I don't believe Apple gives retailers the flexibility to discount iPods. This could be because of high demand, but it is probably just due to low or fixed margins and pricing. Reduced prices from retailers on the Zune may actually be coming out of the retailers’ pockets and not impacting Microsoft's profits. So, for example Office Depot could’ve bought 25,000 Zunes from Microsoft at $199 per unit and they can sell them for any price they want.Bottom line, Microsoft hasn’t announced a new MSRP for the Zune, so at this point a sale is just a sale.
And that's my point actually ... retailers aren't moving them ... I don't see ANY retailer without Zune stock ... however my local Best Buy is out of all but one flavor of Nano and they have no Shuffles.
I'm not a retailed, but in my dealings with Apple in other business matters I've come to learn that retailers all get 8%, which leaves little room for sales.Apple does sell iPods through Costco at a slight discount. I think the Nano is discounted by $20 for example. Sometimes they include free accessories or iTunes gift cards. For a while you could pick up an iPod for the normal retail price, but it included a $15 iTunes card. Sometimes you get car chargers or cases in the Costco bundles.Typically, the type of discount as offered by OfficeMax is worked out in advance with the manufacture. The manufacture offers a discounted wholesale price if they order a certain quantity and run a promotion for a certain period of time. I was involved in some of these deals in the days when I worked for Creative pushing their MP3 players.
Apple cannot prohibit discounting (against the law) but they can offer incentives not to and short ship you if they disapprove of your selling methods - it all depends on who it is and how much leverage you have and/or how much the retailer ahs over you. Walmart & Apple acn or live without each other okay but a movie studio cannot live without walmart. but there ways around not an out and out discount like what others often do is throw in an accessory for free or something like that. most companies do not really have to discount ipods because they seem to pretty much sell fine at whatever price :-)as a retailer, you do get additional discounts above & beyond the wholesale price thing through monthly/quarterly promotions etc ... so if the quarter is closing and a retailer might hit say 500,000 units, they might try to move the last 25,000 with a little more discounting and making it up with a lower wholesale price in a few weeks ... the other way is a "kickback" called co-op advertising for running ads in their circular or buying endcap space. It doesn't really cost the retailer $200,000 to have you at an endcap at 3,000 stores but that's the going price so if you have x many in stock, that is an effective discount of x amount over what you originally paid the manufacturer (you actually just deduct it from the invoice - even better :-) so yea, in one sense - you can sell it for what you want but in reality, the issue is more complex. It's like taking your first date to Chilli's - in theory, it's fine and if you're 16, it's not bad but if you're 25? :-)And of course, if it's not selling, there's no better consumer attention getter than an actual lower of the price ...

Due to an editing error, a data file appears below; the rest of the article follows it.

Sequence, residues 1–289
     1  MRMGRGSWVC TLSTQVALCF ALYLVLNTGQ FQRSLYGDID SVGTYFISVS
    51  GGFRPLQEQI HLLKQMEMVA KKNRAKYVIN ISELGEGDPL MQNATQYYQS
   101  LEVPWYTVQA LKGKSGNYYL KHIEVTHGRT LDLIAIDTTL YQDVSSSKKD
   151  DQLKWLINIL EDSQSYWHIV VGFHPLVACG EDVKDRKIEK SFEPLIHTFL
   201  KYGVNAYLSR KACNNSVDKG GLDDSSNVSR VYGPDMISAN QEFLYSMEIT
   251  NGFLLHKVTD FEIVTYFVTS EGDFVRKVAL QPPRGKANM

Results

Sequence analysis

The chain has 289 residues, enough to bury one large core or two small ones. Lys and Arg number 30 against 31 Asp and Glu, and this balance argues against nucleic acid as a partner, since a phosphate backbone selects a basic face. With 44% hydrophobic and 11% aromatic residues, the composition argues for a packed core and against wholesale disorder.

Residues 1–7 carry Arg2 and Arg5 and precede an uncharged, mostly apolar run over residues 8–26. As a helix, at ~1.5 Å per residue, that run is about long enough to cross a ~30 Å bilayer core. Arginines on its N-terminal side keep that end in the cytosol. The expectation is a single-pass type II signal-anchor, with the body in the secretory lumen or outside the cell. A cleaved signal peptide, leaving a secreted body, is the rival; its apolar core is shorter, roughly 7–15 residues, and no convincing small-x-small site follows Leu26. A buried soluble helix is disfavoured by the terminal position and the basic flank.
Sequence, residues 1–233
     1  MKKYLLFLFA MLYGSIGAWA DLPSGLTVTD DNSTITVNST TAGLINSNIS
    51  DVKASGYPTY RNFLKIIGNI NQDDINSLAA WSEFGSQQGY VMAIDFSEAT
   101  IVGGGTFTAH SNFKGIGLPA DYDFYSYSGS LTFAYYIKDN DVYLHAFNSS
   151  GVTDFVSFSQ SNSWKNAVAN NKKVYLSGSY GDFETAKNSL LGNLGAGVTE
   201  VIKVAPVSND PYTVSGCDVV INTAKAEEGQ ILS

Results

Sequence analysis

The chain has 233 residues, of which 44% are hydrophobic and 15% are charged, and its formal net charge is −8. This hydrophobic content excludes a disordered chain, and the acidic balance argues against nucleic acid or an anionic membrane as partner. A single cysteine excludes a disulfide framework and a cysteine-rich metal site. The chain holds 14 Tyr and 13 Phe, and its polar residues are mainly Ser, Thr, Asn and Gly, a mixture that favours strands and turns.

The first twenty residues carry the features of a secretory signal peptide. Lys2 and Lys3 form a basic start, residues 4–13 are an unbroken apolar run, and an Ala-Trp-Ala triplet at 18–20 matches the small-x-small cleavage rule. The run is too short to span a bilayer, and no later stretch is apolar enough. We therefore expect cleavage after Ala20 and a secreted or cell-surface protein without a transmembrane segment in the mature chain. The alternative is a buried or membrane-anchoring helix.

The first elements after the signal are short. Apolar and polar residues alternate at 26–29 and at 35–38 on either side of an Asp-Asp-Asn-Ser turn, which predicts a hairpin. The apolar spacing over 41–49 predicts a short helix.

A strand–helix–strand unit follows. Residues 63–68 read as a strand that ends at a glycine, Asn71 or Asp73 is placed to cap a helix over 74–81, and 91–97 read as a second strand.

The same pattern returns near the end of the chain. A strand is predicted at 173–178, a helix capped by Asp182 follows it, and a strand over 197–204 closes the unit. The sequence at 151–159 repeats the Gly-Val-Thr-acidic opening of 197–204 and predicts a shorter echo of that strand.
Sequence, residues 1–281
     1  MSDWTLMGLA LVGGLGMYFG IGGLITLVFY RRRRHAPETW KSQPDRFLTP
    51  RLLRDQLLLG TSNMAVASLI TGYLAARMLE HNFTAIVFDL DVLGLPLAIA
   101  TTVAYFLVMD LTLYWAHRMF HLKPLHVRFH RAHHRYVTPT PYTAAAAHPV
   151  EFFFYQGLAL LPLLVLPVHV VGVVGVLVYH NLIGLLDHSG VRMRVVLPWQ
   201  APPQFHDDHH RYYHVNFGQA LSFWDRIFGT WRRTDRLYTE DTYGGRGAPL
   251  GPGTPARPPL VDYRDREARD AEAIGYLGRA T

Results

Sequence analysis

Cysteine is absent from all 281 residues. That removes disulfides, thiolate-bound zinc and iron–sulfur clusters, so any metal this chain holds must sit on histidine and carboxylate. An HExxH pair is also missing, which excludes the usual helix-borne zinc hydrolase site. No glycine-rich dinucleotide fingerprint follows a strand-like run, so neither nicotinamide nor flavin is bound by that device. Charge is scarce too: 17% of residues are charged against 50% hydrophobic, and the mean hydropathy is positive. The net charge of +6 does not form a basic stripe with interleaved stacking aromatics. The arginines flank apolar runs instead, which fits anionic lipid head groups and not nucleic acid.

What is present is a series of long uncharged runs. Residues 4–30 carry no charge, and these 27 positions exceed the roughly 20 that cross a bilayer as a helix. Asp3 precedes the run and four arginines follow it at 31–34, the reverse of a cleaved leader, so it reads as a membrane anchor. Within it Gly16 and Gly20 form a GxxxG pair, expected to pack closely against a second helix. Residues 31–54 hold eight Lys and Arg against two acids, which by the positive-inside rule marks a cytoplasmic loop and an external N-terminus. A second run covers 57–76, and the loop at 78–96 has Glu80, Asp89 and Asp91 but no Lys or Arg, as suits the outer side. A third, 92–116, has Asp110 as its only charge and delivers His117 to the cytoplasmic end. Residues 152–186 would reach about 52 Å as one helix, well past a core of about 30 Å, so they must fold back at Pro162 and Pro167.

Amazon has followed suit. Advance Sunday sale flyers indicate other retailers will offer discounts this coming weekend.
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